Predictors and Outcomes of Completion Axillary Node Dissection Among Older Breast Cancer Patients
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The role of completion axillary lymph node dissection (ALND) for older women who had sentinel lymph node-positive (SLN+) invasive breast cancer is unclear. We examined factors predictive of ALND and the association between ALND, adjuvant chemotherapy administration, and survival.
Using the Surveillance, Epidemiology, and End Results (SEER)-Medicare database, we reviewed records of women age >65 diagnosed with stage I/II breast cancer from 1998–2005. Adjusted Cox proportional hazards and multivariate logistic regression were used to identify patient and disease variables associated with ALND, and assess association between ALND and all-cause and breast cancer-specific survival.
Among SLN+ patients, 88 % underwent ALND. Earlier diagnosis year, greater nodal involvement, younger age, registry location, and larger tumor size were all associated with a significantly higher likelihood of ALND. The ALND in SLN+ patients was not significantly associated with 5-year breast cancer-specific survival (hazard ratio [HR] 1.22, 95 % confidence interval [CI] 0.76–1.96). The SLN+ patients who underwent ALND were more likely to receive adjuvant chemotherapy (odds ratio [OR] 1.8, 95 % CI 1.45–2.24). However, younger age (OR 18.0, 95 % CI 14.4–23.9), estrogen receptor-negative (ER-) status (OR 4.2, 95 % CI 3.4–5.3), and fewer comorbidities (OR 2.6, 95 % CI 1.7–4.0) were all more strongly linked to receipt of chemotherapy.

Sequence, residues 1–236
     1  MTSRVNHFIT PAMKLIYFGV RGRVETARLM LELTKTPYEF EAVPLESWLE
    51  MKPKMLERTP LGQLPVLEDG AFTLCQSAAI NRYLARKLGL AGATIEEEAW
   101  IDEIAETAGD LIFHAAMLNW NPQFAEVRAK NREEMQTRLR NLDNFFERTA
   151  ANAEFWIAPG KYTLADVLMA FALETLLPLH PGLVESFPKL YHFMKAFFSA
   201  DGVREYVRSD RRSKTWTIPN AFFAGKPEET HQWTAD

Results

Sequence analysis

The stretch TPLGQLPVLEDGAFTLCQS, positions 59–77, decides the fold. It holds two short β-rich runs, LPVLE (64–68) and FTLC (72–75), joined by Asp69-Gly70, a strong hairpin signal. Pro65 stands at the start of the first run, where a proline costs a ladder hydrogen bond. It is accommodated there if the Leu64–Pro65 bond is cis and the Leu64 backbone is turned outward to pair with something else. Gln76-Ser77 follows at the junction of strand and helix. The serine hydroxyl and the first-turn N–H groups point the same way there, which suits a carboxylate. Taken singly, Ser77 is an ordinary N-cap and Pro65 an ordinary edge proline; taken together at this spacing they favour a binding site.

ALND for older patients with SLN+ breast cancer is not associated with improved 5-year all-cause or breast cancer-specific survival. Younger age, fewer comorbidities, and estrogen receptor-negative (ER-) status were more strongly associated with receipt of chemotherapy than ALND. Consideration should be given to omitting ALND in older patients, particularly if findings of ALND will not influence adjuvant therapy decisions.
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- Predictors and Outcomes of Completion Axillary Node Dissection Among Older Breast Cancer Patients
Annals of Surgical Oncology
Volume 21, Issue 7 , pp 2172-2180
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